In Mariah Carey's new memoir, the Grammy-winning artist makes one thing clear: She sees "no benefit to protect people who didn't protect me."
Throughout The Meaning Of Mariah Carey, Carey writes about the people in her life who have challenged her at best or traumatised her at worst. She also takes time to honour her great loves and special moments on the road to becoming a history-making artiste. Here are some key takeaways from her book.
She writes, "I was too young to contemplate ending my life but just old enough to know I hadn't begun living nor found where I belonged." Music, however, gave her a reason to exist.
Carey describes her brother Morgan as violent, often getting into fistfights with their father and once knocking their mother out cold. When a cop found Mariah crying on the floor after one incident, he muttered, "If this kid makes it, it'll be a miracle."
Her sister's adult boyfriend, whom she later calls a "pimp," took Carey to a drive-in movie. He "pushed in closer and forced a hard kiss on me," Carey writes, while a gun sat on his lap. A bystander, a "prayer in person," noticed what was happening, so her sister's boyfriend backed off and drove her home in silence.
In high school, she and her boyfriend, the "scariest dude in town," got into a "physical altercation" in public, while some girls stood around watching.
Carey describes her mother, Patricia, a Juilliard-trained opera singer, as a dangerously negligent caretaker. One time, Carey writes, she was left alone with her mum's drugged, shotgun-carrying boyfriend; she adds that at age seven she almost drowned while her mother sunbathed obliviously.
Once Carey's career took off, money and jealousy tore them apart.
Carey says she developed "hives-like breakouts" and "somatisation" as the result of Mottola's controlling and "abusive" behaviour, which she says included holding a knife up to her cheek. She also calls him "blatantly racist" for a comment about Sean Combs ("Puffy will be shining my shoes"), and equates his resistance to her pursuing R&B with trying "to wash the 'urban' (translation: Black) off."
The former professional baseball player was "the catalyst I needed to get out from under Tommy's crippling control," helping her process her relationship to her estranged family. Carey spent time with his biracial family, who showed her that a mixed-race household can be healthy. Carey confirms that The Roof, My All and Crybaby are all about Jeter.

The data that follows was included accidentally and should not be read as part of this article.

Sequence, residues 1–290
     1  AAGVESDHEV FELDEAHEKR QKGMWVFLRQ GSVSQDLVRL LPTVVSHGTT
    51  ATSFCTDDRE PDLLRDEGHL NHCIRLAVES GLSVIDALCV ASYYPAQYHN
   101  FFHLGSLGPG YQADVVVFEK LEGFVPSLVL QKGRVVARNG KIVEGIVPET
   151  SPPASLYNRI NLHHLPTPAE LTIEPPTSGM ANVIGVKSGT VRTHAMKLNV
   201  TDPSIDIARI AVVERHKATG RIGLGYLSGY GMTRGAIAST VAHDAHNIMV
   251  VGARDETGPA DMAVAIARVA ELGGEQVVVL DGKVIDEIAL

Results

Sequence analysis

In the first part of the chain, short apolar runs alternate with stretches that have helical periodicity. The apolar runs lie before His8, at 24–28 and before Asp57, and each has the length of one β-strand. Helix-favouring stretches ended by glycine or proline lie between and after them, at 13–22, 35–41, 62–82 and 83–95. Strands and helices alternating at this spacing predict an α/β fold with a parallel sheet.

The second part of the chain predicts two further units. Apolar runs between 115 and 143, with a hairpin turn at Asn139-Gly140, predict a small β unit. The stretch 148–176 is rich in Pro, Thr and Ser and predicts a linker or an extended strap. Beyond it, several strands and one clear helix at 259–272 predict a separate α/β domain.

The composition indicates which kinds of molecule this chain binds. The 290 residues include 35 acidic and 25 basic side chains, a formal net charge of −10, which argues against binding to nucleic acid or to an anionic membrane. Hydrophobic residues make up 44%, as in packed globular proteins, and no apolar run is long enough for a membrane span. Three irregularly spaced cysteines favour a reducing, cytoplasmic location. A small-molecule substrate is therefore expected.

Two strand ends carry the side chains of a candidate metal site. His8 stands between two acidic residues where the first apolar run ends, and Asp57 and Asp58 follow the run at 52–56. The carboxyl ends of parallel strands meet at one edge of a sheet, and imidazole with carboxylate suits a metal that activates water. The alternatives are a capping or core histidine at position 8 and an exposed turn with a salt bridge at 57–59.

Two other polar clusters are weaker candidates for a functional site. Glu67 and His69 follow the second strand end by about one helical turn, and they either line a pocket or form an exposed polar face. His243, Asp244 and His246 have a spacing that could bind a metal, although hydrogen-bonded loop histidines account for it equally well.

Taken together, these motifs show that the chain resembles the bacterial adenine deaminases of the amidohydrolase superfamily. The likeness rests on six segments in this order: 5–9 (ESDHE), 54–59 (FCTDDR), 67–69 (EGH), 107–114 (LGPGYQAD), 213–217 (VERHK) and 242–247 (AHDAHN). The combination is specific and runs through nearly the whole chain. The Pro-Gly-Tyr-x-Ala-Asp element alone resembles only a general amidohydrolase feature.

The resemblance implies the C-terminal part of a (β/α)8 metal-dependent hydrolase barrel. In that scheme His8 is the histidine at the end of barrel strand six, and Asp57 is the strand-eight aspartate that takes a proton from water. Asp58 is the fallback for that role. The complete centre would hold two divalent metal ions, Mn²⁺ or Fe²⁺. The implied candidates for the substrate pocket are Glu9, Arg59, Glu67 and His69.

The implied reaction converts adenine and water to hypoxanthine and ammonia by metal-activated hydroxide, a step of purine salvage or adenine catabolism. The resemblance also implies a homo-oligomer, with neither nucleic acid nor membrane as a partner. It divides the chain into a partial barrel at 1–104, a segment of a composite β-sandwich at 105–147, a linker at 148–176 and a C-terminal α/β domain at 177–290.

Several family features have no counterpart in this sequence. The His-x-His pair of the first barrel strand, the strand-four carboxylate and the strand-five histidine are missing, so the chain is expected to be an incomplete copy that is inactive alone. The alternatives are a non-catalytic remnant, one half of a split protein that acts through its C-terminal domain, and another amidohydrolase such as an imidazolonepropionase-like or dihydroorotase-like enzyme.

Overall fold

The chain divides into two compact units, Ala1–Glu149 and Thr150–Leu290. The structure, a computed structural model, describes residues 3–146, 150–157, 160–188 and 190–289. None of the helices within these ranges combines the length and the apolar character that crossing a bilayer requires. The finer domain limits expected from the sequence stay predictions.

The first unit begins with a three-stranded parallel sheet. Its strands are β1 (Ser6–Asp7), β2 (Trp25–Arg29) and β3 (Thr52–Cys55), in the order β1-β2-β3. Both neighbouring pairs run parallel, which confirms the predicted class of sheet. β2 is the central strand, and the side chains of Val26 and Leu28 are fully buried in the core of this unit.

While they kissed before her divorce, Carey insists there was "nothing salacious" about it, as they waited until she was legally free of Mottola for "the night of our consummation."
She writes that the "conservative" board of the co-op where she wanted to move in didn't want "too many rappers, and their entourages, aka big black men, milling about" the Central Park West penthouse.
Earlier racist encounters include a traumatic moment when a white friend met Carey's Black father for the first time and instantly burst into tears. A group of young girls at school later cornered her during a sleepover and chanted, "You're a (N-word)."
Carey writes about having a miscarriage at 10 weeks, gaining 100-plus pounds, experiencing poisonous edema and gestational diabetes. And when she did finally bear a child, "Nick didn't comprehend pregnancy." Making adjustments to being "working parents in entertainment" ultimately took its toll.
She writes that a "female entertainer on (Sony's) label (whom I don't know)" ended up using the same sample on a song that Carey had already licensed. Enter the Loverboy vs. I'm Real showdown, which is still best summarised by a viral moment. Carey also lists the lyrics of her Loverboy remix just to make her thoughts crystal clear:
"Hate on me as much as you want to
You can't do what the f_ I do
Bitches be emulating me daily..." – Los Angeles Times/Tribune News Service
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